At 34 years old, the wisdom of Pastor Patrick Shebeck outshines many elders.
The Chicago Heights resident has been at the helm of Prince of Peace Lutheran Church in Chicago Heights for four years.
He was there in August 2009 for one of the most controversial votes in the Evangelical Lutheran Church in America: to accept gay clergy in sexually active monogamous relationships in the pulpit.
Shebeck couldn’t be happier.
“We as Christians sing hymns about everyone being welcome," Shebeck said. "Now, after the 2009 vote on sexuality, everyone is. I’m glad about this. We get calls (from people) who tell me 'I’m not welcome in other churches or I can’t take communion in other churches, can I find a place in your church?' The answer is always yes! The older that I get, that is what is at the heart of the gospel.”
Pastor Shebeck has brought the passion for liturgy into the church as well offering to teach music to children in the community.
“Prince of Peace will offer free music lessons for four months (12 lessons) contingent to the fact the family attends church here," Shebeck said. "After the four months, the family pays half price and never pays more than that. It’s important families have an investment in music.“
Patch stopped by Prince of Peace Lutheran church to see how the church is making a difference in Chicago Heights.
Patch: How long has your church been in Chicago Heights?
Shebeck: Prince of Peace is the merger of two former congregations. In 1969, Trinity Lutheran Chicago Heights and Emmanuel Lutheran merged and chose the name of Prince of Peace. Emmanuel began in 1891, so we claim we’re 110 years old because we still have members from both churches.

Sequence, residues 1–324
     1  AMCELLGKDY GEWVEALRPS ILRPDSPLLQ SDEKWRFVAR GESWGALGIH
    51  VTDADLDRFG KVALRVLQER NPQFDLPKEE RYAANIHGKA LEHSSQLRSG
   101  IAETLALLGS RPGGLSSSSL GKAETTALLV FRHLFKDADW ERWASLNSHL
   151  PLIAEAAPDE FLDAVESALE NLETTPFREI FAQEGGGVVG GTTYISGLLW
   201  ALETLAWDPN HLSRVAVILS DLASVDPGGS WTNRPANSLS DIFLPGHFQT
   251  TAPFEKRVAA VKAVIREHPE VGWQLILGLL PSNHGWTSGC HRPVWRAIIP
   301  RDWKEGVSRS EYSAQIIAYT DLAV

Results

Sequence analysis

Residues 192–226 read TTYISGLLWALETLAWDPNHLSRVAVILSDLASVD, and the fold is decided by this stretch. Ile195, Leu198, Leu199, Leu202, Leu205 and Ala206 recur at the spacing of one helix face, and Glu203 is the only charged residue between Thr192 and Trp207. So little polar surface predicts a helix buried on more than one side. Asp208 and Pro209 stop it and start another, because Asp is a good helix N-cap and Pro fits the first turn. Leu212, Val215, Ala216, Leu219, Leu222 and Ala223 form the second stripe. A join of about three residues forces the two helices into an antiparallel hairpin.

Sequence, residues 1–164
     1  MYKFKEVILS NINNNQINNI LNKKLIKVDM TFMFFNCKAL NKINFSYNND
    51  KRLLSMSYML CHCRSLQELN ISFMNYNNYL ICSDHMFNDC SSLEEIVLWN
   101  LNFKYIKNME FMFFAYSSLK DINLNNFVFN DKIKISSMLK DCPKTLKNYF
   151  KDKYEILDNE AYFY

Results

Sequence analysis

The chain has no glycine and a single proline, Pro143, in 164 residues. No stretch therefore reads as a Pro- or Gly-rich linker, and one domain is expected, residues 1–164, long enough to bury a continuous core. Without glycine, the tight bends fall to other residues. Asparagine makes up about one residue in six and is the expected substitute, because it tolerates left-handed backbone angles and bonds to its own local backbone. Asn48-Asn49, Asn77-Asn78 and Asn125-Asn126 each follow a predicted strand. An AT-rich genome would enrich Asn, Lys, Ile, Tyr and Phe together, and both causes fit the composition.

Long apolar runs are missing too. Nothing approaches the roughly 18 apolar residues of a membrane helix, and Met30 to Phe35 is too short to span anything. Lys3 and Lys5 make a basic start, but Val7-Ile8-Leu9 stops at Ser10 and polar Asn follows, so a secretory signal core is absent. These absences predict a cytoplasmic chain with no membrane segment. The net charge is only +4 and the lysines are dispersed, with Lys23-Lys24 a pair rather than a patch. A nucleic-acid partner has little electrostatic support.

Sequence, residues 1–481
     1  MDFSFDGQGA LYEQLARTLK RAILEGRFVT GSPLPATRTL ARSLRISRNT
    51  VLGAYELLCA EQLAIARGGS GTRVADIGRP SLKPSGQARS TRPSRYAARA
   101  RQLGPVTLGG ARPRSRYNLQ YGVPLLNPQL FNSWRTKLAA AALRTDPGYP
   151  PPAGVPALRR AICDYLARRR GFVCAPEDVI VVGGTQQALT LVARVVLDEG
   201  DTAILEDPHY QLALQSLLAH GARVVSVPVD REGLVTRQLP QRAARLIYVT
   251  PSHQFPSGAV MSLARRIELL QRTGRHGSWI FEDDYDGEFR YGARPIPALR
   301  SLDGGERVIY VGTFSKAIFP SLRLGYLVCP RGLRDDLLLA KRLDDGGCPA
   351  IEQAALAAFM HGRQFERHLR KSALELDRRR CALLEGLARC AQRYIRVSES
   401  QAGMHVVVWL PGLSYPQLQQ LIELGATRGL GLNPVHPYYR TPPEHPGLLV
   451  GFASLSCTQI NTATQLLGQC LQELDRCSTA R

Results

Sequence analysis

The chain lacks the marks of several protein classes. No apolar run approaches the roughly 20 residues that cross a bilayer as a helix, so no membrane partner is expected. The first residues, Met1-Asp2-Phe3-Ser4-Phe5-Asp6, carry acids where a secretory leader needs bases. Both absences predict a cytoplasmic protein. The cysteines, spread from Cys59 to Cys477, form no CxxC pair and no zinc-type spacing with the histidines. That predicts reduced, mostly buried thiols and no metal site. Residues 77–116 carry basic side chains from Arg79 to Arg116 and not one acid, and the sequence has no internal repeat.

This corner on Western Avenue is called the 'Field of Churches.' Several years ago all of this land was a farm. When the woman who owned all the land died, she left a provision in her will that the land could be sold at half price to churches. So the Methodist church, the Nazarene church, the former Greek church and Prince of Peace bought property.
Prince of Peace made a bad decision on its location, nobody knows we’re here.
What is your church known for?
Many things. First is liturgy. We have good worship, good preaching, good music and partnership with PADS. We house South Suburban PADS. We have PADS Monday through Friday the whole summer. We’re the only site out of 31 that has the program in the summer. I don’t know why there aren’t more churches willing to be a site during the summer. We also run PADS food teams. PADS is important to our congregation. We’re always looking for volunteers to help. The liturgy, that we do, we bring to the world.
I spoke about our music academy. We have retired teachers and we have a lot of musicians. When you put these people together, you end up with music lessons. When you have budget cuts to schools, the first thing to go is music and arts. Lutherans have a long history of music and congregational singing. Music is the glass in the window and not the curtains. We can offer good music to children who would otherwise not have the resources. The Suzuki String Studio do their recitals here. Any community music group who wants to use this place, we will open our doors.